University of Wisconsin Eau Claire - Periscope Yearbook (Eau Claire, WI)

 - Class of 1976

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University of Wisconsin Eau Claire - Periscope Yearbook (Eau Claire, WI) online yearbook collection, 1976 Edition, Cover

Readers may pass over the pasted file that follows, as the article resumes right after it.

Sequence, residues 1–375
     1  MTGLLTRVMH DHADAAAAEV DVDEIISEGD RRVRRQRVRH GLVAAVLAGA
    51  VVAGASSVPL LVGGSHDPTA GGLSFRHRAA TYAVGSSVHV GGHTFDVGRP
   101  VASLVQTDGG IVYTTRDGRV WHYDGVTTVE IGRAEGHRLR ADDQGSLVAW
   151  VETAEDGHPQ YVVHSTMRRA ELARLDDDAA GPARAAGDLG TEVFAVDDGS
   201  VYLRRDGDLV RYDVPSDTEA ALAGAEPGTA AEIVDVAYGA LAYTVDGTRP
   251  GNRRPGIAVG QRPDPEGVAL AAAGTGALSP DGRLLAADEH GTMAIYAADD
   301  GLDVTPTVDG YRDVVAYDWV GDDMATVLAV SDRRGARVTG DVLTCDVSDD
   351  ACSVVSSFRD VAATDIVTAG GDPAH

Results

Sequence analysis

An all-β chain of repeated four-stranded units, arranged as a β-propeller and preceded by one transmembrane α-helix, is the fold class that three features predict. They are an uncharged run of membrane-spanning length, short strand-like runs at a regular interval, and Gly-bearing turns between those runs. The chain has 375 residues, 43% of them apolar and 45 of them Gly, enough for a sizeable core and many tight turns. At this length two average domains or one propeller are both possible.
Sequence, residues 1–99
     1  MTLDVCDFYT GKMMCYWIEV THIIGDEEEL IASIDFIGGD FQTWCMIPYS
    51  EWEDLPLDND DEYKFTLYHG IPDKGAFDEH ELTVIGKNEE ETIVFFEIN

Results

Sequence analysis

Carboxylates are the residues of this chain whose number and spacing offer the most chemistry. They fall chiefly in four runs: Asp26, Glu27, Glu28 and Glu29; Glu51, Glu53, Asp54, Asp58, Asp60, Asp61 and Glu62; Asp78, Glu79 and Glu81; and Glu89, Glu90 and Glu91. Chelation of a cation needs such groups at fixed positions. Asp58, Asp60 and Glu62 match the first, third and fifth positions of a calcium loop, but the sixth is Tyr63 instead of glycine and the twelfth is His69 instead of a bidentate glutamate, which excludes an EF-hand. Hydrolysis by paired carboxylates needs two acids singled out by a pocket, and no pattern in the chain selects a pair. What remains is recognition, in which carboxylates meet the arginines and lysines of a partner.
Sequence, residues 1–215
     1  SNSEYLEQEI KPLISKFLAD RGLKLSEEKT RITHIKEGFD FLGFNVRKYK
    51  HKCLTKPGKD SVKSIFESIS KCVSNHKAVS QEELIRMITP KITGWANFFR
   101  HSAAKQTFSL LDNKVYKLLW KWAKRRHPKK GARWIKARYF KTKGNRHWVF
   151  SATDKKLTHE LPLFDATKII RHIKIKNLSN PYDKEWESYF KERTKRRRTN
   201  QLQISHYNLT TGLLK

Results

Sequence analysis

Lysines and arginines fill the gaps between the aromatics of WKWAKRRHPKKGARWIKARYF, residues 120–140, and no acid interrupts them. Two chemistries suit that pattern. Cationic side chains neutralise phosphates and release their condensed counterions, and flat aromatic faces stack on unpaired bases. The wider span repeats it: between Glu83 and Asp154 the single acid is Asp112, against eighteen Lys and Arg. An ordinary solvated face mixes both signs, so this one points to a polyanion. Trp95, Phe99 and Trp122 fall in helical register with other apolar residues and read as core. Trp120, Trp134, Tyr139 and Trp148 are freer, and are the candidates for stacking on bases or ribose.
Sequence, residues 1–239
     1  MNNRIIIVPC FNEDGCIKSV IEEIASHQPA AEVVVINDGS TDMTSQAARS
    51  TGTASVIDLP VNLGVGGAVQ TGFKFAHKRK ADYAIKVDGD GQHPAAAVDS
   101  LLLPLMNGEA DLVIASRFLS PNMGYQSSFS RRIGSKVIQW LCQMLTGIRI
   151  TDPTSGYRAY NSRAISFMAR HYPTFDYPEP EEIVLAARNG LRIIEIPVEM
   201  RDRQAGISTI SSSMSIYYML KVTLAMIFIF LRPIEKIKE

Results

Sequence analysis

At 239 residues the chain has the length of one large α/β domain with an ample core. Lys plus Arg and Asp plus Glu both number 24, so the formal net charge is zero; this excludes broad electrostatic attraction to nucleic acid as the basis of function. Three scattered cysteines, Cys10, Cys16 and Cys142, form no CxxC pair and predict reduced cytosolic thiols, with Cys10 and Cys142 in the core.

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Text from Pages 1 - 308 of the 1976 volume: